Think the ultimate wine-tasting room is a musty, dank, candlelit cave piled high with oak barrels, where aged nectars of fine grapes are sipped from pure crystal? Might be if you're lucky enough to have access to the great wineries of France or California's Napa Valley.
But in New York City the place to taste one or more of a 100 cult, boutique and rare wines -- and meet other wine lovers without being intimidated by snooty oenophiles -- is the Clo Wine Bar and Shop. It has no bar, no bartender and no dark grotto atmosphere. Just the opposite.
Clo (www.cloWines.com; 212-823-9898) is a sleek, innovatively designed space on the fourth floor of the Time Warner Center on Columbus Circle. Rectangular in shape, it has two long walls, 8 feet tall and made of industrial-steel walls; one end of the space is a 10-foot-wide front door. There is a sweeping view of Central Park in back, where wine lovers can mingle. Clo is true minimalist, furnished only with communal table, 30 feet long and 2 feet wide, and 32 black, Italian-designed stools.
That's a risk when your guests are essentially strangers. But before long the ice breaks and most are chatting like old friends. A solo visitor from Houston is discussing her buttery chardonnay with a gent sitting across from her who lives in Manhattan's upper west side and savoring a syrah. Another guest wonders just how sweet is the riesling.
There is no shortage of answers at the table. For an expert opinion, at least two certified sommeliers are on duty to demystify the varietals. Meantime, guests are walking around, getting acquainted and what's in their glass is the conversation starter. One tip: It's a bit gauche to network for business here.
The secret to Clo's success is its interactivity -- and I'm not just talking about the socializing and sharing wines. The communal table has six touch-screen "viewing stations" embedded in its faux marble top. An electronic wine list is displayed by overhead projector. Touch the screen for a particular wine and you can read tasting notes on the flavor, the region and the appellation written for Clo by a master sommelier, plus it quotes the price.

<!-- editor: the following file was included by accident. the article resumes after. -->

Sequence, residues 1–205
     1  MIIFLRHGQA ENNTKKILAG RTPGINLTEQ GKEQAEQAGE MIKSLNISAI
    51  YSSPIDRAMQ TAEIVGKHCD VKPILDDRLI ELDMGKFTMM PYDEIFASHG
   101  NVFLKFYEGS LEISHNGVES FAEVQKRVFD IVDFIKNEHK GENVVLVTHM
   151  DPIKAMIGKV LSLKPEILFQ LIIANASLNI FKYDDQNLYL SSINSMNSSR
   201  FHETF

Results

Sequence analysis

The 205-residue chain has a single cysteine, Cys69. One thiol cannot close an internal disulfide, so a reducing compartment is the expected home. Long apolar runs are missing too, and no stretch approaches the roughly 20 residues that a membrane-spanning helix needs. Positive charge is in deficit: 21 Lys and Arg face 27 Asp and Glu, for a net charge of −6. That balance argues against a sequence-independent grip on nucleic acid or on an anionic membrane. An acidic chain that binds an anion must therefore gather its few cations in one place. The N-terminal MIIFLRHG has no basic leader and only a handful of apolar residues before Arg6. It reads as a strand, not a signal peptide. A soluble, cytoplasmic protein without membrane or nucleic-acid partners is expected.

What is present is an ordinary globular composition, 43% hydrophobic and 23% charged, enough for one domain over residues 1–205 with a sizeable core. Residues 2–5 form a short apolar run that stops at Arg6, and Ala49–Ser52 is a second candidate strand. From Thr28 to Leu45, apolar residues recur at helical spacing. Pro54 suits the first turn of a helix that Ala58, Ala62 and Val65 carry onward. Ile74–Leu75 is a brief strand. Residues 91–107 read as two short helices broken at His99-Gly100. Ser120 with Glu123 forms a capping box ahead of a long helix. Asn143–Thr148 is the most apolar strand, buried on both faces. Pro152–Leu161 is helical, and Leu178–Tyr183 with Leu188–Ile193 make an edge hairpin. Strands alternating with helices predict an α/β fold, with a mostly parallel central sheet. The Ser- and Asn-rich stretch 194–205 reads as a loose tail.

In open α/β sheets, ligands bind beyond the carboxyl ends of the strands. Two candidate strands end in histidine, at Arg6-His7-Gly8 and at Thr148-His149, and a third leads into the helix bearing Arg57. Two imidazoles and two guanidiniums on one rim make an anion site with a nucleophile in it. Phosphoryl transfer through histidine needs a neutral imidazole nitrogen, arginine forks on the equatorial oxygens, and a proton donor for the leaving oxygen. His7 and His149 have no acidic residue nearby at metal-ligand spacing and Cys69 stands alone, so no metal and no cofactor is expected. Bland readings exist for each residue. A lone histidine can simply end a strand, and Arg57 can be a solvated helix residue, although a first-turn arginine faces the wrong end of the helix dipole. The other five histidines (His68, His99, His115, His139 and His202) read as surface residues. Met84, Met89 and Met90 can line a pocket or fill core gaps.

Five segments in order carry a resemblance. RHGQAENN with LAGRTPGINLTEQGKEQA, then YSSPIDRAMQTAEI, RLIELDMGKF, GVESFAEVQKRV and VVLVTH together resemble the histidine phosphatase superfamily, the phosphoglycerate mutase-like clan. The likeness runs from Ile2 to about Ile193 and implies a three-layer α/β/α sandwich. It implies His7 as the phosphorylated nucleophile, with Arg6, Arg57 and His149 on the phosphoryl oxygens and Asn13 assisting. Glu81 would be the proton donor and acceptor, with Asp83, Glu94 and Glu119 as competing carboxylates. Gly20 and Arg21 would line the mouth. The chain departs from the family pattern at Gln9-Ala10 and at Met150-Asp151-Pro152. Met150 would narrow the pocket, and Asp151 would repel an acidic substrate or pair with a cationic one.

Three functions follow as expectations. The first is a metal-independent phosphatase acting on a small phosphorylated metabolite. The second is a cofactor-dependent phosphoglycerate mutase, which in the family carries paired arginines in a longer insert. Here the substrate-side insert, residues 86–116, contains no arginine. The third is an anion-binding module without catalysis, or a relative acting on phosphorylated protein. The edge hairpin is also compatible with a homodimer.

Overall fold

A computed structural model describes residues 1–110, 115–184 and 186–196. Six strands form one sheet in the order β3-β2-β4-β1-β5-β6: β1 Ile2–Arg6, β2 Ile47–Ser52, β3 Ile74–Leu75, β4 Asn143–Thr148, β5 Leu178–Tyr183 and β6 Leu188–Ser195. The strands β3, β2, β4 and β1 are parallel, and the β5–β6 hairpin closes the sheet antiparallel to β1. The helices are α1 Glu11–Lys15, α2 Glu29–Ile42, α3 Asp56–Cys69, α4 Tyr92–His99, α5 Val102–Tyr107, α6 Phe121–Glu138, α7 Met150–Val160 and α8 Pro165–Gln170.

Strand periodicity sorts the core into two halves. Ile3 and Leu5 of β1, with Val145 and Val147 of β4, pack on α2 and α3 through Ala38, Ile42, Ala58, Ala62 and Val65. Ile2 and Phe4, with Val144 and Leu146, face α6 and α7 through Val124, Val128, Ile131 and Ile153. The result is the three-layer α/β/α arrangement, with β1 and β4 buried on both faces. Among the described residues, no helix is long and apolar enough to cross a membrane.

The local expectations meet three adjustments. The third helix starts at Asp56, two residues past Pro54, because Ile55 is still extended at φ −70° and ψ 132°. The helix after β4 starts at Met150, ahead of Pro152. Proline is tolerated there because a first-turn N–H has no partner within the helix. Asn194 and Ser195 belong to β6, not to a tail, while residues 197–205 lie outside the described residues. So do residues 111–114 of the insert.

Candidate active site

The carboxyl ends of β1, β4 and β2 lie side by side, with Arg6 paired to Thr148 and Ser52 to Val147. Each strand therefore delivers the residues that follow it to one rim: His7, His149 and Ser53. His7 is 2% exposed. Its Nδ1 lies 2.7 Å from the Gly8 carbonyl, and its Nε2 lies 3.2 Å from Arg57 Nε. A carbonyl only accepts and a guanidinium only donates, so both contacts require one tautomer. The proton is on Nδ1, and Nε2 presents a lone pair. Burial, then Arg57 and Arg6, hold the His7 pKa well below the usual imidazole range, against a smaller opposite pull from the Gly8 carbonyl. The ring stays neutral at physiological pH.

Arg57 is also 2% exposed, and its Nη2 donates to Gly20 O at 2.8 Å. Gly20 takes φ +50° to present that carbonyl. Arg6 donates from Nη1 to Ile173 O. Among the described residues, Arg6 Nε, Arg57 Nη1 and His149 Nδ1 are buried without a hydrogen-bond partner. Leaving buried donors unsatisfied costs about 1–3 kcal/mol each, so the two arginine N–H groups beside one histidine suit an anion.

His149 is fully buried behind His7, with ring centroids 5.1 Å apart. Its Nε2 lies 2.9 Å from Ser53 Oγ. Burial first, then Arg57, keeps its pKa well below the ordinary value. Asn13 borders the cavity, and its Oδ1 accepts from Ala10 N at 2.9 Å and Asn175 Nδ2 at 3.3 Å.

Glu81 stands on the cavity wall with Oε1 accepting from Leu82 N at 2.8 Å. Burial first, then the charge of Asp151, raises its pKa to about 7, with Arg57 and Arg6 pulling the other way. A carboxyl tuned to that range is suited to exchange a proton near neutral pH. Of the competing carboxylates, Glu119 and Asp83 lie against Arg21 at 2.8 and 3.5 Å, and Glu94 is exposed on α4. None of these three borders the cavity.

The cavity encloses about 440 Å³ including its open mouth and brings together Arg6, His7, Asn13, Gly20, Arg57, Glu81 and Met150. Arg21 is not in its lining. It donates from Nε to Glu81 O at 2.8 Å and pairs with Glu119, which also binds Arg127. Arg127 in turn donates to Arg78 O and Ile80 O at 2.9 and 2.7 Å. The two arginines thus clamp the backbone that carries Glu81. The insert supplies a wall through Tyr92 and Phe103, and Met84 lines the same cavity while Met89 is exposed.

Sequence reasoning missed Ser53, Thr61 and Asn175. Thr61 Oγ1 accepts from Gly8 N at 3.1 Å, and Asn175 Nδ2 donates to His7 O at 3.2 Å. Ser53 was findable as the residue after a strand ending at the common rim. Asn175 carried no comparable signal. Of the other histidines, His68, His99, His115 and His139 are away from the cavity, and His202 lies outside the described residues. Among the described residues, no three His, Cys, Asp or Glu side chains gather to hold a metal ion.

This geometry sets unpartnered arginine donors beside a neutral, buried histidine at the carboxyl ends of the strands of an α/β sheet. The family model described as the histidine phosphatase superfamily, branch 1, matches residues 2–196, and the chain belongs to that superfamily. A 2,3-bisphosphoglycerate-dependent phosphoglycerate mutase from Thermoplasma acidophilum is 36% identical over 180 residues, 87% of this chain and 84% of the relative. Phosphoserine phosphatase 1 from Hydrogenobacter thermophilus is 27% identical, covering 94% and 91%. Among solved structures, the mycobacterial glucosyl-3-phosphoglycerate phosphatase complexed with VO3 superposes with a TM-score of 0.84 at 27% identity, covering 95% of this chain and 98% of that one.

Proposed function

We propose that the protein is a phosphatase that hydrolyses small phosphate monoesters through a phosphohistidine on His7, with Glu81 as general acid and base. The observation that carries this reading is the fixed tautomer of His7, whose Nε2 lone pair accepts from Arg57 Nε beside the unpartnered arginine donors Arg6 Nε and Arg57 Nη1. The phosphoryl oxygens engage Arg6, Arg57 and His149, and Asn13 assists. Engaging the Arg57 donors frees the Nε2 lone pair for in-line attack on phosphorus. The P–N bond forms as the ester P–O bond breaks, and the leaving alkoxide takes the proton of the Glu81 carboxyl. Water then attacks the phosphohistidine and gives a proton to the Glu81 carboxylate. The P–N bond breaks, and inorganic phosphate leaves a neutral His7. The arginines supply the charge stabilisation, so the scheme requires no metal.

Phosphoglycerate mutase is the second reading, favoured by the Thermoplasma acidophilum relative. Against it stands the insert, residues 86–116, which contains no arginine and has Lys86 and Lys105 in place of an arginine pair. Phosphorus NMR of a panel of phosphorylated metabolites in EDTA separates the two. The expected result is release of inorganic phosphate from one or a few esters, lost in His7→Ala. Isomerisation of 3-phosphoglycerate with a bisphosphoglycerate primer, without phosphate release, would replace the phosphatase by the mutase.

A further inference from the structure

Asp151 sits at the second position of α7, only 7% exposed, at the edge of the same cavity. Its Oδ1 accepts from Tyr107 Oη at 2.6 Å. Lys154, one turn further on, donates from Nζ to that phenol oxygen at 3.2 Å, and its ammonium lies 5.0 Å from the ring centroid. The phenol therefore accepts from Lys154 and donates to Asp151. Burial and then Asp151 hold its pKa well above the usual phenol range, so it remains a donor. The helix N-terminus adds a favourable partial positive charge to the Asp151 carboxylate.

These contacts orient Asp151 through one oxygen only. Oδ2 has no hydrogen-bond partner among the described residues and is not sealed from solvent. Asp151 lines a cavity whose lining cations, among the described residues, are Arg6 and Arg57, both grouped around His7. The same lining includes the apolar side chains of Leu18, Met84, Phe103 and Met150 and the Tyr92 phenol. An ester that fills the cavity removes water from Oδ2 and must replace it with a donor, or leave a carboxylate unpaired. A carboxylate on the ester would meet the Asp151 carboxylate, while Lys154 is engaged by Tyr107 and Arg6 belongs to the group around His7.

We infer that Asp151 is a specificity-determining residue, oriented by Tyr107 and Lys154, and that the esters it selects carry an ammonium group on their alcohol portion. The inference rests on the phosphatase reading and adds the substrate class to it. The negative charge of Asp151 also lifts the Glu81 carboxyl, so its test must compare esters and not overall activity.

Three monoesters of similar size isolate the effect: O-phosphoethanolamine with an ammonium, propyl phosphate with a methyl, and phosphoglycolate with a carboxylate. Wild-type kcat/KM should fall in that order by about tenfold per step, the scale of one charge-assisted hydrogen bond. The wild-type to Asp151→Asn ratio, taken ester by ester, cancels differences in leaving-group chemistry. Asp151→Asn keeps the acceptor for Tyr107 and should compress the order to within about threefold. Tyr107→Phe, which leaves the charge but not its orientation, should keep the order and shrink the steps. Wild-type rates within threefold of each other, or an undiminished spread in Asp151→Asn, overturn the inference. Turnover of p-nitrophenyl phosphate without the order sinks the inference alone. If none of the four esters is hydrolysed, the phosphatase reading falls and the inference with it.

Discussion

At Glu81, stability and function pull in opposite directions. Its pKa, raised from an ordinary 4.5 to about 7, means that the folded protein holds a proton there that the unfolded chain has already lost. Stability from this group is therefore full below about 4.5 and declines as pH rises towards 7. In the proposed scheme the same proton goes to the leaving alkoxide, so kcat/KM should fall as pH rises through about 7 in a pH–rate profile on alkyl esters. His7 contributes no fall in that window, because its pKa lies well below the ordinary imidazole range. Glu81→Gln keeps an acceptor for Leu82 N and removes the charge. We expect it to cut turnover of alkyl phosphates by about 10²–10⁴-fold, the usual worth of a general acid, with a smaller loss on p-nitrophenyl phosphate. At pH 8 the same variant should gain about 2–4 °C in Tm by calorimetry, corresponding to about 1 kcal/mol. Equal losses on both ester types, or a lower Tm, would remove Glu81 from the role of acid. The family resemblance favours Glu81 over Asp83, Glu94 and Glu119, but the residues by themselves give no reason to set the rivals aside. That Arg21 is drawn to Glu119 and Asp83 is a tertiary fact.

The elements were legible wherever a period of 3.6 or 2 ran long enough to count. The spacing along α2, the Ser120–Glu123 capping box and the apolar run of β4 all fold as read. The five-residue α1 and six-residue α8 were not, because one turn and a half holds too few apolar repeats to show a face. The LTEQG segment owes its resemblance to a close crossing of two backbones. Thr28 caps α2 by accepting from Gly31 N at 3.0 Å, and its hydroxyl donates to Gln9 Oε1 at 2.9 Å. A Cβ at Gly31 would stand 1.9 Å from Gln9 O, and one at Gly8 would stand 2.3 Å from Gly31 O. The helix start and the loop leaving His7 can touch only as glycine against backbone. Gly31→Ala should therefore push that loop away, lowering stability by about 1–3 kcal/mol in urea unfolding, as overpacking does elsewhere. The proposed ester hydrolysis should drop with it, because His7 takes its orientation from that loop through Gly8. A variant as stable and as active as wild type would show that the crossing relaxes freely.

Make a selection, walk over to the Enomatic dispensing machine, insert your Clo card, and it pours a perfect 4 ounces into a crystal glass. Prices range from $7 for a dry white from Argentina to $100. Currently, a 2005 Colgin cabernet sauvignon for $92 a glass is near the top of the price list. Clo also has a rare bottle of 1863 Barbeito, a madeira dessert wine that commands $98 for a mere 2-ounce tasting. Another 100 wines from 18 countries are sold by the bottle.
The idea man behind is Clo is 38-year-old Andrew Bradbury, a high-energy, high-tech guy and candidate for a master sommelier designation -- like a P.T. Barnum of wine. Before moving to Manhattan, he was wine director at Charlie Parker's hip Aureole in Las Vegas, which has a stunning four-story "wine tower" with "wine angels" who ascend the heavens to select a bottle and descend to pour a glass for wide-eyed guests.
At Clo, Bradbury's design ideas have run wild -- albeit strategically. The exteriors of the steel walls are eye-catching showcases for glasses, decanters, wine buckets, accessories and viticultural memorabilia from around the globe -- all for sale. Hence you have a wine bar and a retail shop, but they don't interfere with each other. Bradbury has also eliminated a necessary annoyance -- the bill. You can buy a debit or credit version of a Clo Tasting Card, which activates the wine dispensing machine and tallies your tastings.
Wine is supposed to be enjoyed with food, so Clo sells better cheeses at $15 for a plate of three and $20 for a plate of five. The charcuterie list is small but exotic and includes a sweet-and-salty cured pork called sopressata, a mortadella with pistachios throughout and a spicy hot coppacola (think prosciutto) at $6 a piece. A mousse pate with black truffles is $9.
Bradbury purposely keeps a tight rein on his menu. "We're surrounded on this floor by some of the top restaurants in the country -- Masa's, Thomas Keller's Per Se and Porterhouse," he said. "In fact, we send them customers."
A Napa, Calif., native, Bradbury says he created Clo to show the "younger, style-conscious customer that wine is something that shouldn't be scary. After all, it's just grape juice."